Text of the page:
On Tuesday, the International Monetary Fund (IMF) cautioned that the global economic recovery is losing momentum. This warning comes as a new conflict in the Middle East further complicates an already struggling world economy.Thank you for reading this post, don't forget to subscribe!
The recent outbreak of violence between Israel and Hamas has the potential to disrupt the entire region, highlighting the challenges of safeguarding economies from frequent and unpredictable global shocks. This conflict looms large over the annual meetings of the IMF and World Bank held in Morocco, where top economic policymakers had planned to address the ongoing pandemic and the enduring economic repercussions of Russia’s war in Ukraine.
Officials now find themselves faced with yet another crisis. “The economy is in a delicate state,” commented Ajay Banga, President of the World Bank, during an interview at the meetings. He added, “Having a war is not conducive to central banks that are trying to navigate a gentle landing,” referring to the efforts of Western policymakers to counter hyperinflation without causing a recession.
Banga acknowledged that, thus far, the impact of the Middle East conflict on the global economy has been less significant than the war in Ukraine. Initially, the Ukrainian conflict caused oil and food prices to surge, leading to turmoil in global markets. Russia’s position as a major energy producer and Ukraine’s role as a major exporter of grain and fertilizer contributed to the market turbulence.
“But if the conflict spreads in any way, it becomes perilous,” added Banga, warning that such a development would result in a “crisis of unimaginable proportions.”
Already, oil markets are facing difficulties. “The main concern is the future of energy prices,” stated Lucrezia Reichlin, a professor at London Business School and former Director General of Research at the European Central Bank.
Reichlin expressed worries that a further increase in oil prices will intensify pressure on the Federal Reserve and other central banks to raise interest rates, which she believes have already risen too rapidly.
Regarding energy prices, Reichlin remarked, “We have two fronts to contend with: Russia and now the Middle East.”
IMF Chief Economist Pierre-Olivier Gourinchas stated that it is too early to determine the lasting impact of the recent surge in oil prices. However, research indicates that a 10 percent hike in oil prices would have adverse effects on the global economy, including a 0.15 percent reduction in output and a 0.4 percent increase in inflation next year.
In its latest World Economic Outlook, the IMF emphasized the fragile nature of the ongoing recovery. While maintaining its global growth forecast for this year at 3 percent, the IMF slightly lowered its projection for 2024 to 2.9 percent. The report also warned of deteriorating output levels in the eurozone and China, with the real estate sector crisis in China being a cause for concern.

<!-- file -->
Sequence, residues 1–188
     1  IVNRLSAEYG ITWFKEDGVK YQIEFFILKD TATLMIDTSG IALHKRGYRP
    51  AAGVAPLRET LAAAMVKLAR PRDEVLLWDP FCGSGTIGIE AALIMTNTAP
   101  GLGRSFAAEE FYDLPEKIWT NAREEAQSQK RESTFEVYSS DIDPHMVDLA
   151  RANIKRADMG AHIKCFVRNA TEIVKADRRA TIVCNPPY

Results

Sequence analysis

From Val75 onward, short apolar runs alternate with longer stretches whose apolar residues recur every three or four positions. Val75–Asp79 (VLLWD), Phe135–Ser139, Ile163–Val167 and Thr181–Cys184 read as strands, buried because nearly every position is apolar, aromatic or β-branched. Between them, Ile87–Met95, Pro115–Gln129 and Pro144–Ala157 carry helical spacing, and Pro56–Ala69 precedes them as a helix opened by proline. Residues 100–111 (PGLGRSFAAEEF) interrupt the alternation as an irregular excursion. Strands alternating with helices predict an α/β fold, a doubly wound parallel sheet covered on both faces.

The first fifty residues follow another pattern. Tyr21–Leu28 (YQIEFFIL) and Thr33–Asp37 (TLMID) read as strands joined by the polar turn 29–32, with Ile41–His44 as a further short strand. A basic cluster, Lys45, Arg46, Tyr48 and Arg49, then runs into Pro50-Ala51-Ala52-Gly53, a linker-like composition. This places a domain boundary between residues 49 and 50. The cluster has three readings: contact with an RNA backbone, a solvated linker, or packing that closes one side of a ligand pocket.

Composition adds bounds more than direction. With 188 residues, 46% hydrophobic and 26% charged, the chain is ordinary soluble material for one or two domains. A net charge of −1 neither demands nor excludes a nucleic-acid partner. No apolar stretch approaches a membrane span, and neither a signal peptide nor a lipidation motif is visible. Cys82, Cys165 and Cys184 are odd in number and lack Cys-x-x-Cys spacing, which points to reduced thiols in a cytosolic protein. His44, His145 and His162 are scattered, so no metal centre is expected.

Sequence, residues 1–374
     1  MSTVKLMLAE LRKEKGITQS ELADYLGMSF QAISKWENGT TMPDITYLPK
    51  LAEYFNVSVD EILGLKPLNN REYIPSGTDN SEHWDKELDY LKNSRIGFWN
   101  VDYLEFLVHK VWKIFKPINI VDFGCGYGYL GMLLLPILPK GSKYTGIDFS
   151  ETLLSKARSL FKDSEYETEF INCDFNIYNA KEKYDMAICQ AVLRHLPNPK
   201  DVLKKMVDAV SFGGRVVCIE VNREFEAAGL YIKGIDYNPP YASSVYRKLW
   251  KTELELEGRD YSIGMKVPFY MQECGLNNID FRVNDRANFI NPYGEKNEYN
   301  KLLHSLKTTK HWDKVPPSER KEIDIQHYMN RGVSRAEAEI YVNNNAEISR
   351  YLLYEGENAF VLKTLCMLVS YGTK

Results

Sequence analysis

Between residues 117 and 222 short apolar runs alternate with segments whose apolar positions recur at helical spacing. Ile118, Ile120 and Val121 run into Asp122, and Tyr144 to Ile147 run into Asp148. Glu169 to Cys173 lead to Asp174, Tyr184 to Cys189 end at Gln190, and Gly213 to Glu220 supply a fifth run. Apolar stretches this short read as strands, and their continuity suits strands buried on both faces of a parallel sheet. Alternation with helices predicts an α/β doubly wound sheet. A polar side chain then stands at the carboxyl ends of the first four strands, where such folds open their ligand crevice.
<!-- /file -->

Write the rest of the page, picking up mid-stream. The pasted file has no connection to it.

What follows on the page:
“The global economy is experiencing a slowdown and has yet to regain full momentum,” remarked Gourinchas. He added that, in the medium term, the situation becomes even more challenging, citing various risks such as the potential for major natural disasters resulting from climate change.
Europe’s economy, in particular, finds itself in the midst of escalating global tensions. Since Russia’s invasion of Ukraine in February 2022, European governments have been desperate to reduce their reliance on Russian natural gas.
To a large extent, they have succeeded by turning to suppliers in the Middle East.
Over the weekend, the EU swiftly expressed solidarity with Israel and condemned Hamas for launching sudden attacks from Gaza.
However, different opinions exist among oil suppliers. For instance, Algeria, which has increased exports of natural gas to Italy, criticized Israel’s response to the airstrikes in Gaza.
Even before the events of the weekend, the energy transition had already taken a toll on European economies. Among the 20 countries using the euro, the fund estimates that growth will slow to a mere 0.7 percent this year, compared to 3.3 percent in 2022. Furthermore, Germany, the largest economy in Europe, is expected to experience a contraction of 0.5 percent.
Due to the repercussions of high interest rates, persistent inflation, and rising energy prices, the growth rate in the United Kingdom is projected to slow to 0.5 percent this year from 4.1 percent in 2022.
Sub-Saharan Africa is also grappling with a recession. The growth rate for this year is anticipated to decline to 3.3 percent, with a more optimistic outlook for next year at 4 percent growth.
Many of these countries are burdened with substantial debts. On average, debt now accounts for 60 percent of the sector’s total output, double what it was a decade ago. Higher interest rates have contributed to the rising costs of debt repayment.
This new wave of sovereign debt crises unfolds against a backdrop of global supply chain redefinition and increasing geopolitical rivalries. The complexities are further compounded by estimations that trillions of dollars in new financing will be required within the next decade to mitigate the catastrophic effects of climate change on developing countries.
The biggest concern for policymakers is the potential impact of China’s slumping economy on the rest of the world. The IMF has downgraded its growth outlook for China twice this year, noting low consumer confidence and weakening industrial output. The organization also warned that countries within the Asian industrial supply chain may experience a loss of momentum.
During an interview on her flight to the meetings, Treasury Secretary Janet L. Yellen expressed her belief that China possesses the necessary tools to address the “complex set of economic challenges” it faces. She stated that she does not expect China to slow down and asserted that it will not impact the United States economy.